Whatever terminology one uses—and just as I allow Catholics to define Catholicism, I think it prudent to allow capitalists to define what they mean by the terms they use for the system they advocate—the important point to make is that if a capitalist disapproves of the same thing the Catholic Church disapproves of, he is not in disagreement with the Church, even if the Church calls the thing they disapprove of a form of capitalism.
You say, “American Catholic conservatives, in contrast, have been supporters of war,”
Hmm. Of war? Generally? I mean it’s not as if they were invading Ottawa for the sake of having a war. Let’s be precise: They supported two particular wars: The war to oust Saddam Hussein and replace him with something better in Iraq, and the war to oust the Taliban and replace them with something better in Afghanistan. They claimed justification for the former on the basis of, oh, sixteen or so different things, ranging from ceasefire violations to WMD proliferation. They claimed justification for the latter on the basis of the Taliban offering safe haven to Al Qaeda generally and Bin Laden particularly, and on the basis of the Taliban being generally icky and nobody’s friend.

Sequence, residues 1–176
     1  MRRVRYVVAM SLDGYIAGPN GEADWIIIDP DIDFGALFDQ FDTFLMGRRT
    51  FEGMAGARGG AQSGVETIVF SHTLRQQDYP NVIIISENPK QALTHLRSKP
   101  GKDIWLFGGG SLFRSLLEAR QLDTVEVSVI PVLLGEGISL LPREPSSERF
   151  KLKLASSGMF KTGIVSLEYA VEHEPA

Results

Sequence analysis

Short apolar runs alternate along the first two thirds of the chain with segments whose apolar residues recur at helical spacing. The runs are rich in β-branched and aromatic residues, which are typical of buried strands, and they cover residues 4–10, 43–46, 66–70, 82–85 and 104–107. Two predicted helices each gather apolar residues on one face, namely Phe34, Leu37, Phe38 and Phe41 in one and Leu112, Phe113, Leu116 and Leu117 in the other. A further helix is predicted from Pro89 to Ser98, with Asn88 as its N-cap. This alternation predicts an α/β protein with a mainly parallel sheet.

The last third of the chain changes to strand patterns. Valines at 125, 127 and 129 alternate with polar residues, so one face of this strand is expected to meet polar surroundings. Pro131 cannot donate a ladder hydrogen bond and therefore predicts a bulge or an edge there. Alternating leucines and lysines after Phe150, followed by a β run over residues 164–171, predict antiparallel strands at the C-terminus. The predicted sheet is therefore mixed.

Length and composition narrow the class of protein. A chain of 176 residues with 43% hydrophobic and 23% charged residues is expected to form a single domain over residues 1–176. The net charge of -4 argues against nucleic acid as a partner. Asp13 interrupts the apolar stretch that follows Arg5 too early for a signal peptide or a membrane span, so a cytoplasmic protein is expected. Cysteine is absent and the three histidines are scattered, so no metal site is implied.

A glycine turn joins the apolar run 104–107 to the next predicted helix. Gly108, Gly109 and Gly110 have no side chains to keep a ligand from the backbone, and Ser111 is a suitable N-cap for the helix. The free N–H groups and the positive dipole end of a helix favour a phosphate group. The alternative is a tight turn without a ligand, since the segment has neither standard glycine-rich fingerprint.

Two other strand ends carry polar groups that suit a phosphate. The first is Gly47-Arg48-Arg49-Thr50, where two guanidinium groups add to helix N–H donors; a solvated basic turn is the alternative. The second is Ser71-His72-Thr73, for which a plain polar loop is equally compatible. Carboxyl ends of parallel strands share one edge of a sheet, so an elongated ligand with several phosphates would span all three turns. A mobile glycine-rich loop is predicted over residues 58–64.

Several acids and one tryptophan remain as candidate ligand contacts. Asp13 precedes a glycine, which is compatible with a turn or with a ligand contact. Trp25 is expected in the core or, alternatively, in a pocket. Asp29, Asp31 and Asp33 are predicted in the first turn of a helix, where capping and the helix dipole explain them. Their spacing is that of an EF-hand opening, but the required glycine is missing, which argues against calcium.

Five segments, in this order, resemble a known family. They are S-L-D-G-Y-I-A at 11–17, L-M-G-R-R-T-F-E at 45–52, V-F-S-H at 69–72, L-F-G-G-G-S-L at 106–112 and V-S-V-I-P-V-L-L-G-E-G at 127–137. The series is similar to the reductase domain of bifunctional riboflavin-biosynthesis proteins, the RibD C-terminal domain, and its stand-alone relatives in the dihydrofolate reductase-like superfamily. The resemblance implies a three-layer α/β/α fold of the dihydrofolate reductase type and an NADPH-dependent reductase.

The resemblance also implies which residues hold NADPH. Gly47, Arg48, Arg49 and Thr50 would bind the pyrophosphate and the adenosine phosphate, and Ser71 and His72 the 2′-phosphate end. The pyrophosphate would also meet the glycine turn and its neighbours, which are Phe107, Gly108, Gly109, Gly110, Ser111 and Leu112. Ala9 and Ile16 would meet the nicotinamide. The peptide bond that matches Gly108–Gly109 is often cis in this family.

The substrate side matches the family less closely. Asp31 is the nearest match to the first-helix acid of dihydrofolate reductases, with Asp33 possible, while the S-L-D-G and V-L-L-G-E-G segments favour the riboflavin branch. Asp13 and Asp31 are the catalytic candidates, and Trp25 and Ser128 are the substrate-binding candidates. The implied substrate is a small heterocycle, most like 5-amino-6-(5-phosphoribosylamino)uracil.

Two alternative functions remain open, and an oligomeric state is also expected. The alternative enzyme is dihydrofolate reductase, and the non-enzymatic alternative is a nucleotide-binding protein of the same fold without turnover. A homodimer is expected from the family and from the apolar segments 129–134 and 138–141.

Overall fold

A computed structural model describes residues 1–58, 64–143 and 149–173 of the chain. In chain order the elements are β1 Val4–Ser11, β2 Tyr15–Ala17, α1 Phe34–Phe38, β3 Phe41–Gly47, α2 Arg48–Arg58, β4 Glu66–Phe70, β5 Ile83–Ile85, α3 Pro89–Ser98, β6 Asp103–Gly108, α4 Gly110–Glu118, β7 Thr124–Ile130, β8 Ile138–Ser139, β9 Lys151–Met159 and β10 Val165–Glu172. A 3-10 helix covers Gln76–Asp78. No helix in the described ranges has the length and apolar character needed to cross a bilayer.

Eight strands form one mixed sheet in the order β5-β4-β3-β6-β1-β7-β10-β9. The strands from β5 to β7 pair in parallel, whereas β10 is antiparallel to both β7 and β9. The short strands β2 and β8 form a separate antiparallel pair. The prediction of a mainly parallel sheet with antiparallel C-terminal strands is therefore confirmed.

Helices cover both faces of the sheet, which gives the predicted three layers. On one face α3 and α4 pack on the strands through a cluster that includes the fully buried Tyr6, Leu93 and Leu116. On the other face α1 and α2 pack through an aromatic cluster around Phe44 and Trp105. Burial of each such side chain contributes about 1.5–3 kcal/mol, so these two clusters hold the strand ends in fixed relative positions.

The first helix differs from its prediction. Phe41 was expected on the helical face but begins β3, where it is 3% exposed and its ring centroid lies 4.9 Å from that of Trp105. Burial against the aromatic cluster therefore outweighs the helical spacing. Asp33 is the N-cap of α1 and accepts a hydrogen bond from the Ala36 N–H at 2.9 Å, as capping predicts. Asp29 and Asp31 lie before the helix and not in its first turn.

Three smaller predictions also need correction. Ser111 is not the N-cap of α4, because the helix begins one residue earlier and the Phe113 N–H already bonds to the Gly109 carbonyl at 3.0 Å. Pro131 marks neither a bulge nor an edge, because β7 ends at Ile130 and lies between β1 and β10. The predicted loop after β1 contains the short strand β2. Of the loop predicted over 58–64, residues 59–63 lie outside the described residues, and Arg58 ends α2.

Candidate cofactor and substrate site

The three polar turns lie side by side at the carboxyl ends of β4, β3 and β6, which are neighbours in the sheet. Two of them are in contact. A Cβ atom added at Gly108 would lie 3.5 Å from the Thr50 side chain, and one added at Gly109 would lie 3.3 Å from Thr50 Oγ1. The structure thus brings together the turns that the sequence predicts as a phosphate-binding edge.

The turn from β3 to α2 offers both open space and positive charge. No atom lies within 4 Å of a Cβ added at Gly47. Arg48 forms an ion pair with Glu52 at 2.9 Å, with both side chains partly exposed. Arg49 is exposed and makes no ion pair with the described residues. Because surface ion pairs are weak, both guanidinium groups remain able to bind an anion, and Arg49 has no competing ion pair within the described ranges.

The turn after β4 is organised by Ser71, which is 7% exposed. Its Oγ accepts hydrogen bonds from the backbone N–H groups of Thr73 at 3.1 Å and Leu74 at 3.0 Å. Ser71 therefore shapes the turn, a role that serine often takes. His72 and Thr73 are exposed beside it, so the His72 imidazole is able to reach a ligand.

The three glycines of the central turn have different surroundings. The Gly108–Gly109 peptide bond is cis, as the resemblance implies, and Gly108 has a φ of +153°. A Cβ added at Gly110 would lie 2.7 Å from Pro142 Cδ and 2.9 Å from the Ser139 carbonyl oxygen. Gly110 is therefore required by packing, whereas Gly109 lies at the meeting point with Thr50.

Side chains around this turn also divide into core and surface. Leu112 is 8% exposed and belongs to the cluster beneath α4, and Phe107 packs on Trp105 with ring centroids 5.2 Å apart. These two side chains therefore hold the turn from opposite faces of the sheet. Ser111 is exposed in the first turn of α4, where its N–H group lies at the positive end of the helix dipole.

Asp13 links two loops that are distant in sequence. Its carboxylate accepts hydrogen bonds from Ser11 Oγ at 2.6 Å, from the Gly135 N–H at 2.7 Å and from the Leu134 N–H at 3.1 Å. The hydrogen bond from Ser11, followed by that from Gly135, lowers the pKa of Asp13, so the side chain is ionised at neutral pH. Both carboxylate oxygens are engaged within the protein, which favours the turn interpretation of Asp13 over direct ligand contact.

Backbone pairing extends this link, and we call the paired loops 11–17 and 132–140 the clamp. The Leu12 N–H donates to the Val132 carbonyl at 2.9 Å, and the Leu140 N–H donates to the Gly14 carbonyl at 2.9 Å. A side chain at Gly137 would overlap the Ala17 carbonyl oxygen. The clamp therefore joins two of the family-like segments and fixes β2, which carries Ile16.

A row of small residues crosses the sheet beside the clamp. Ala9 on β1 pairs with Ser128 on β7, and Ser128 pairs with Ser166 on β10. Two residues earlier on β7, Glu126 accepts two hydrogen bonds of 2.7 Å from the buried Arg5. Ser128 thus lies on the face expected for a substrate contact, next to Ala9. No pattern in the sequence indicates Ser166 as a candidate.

Now the problem is not that these offered justifications weren’t true. (Oh, I know in hindsight that the WMD thing was false, but one can’t view the situation anachronistically. At the time, every intelligence outfit in the world (and every Democrat in the Congress with the exception, I think, of Kucinich) was persuaded that Saddam still had a cache or two of chemicals or anthrax or uranium or something hidden somewhere because he’d always had them previously and had used them more than once and was always not-too-subtly bullying his neighbors with them. Big bluffer!)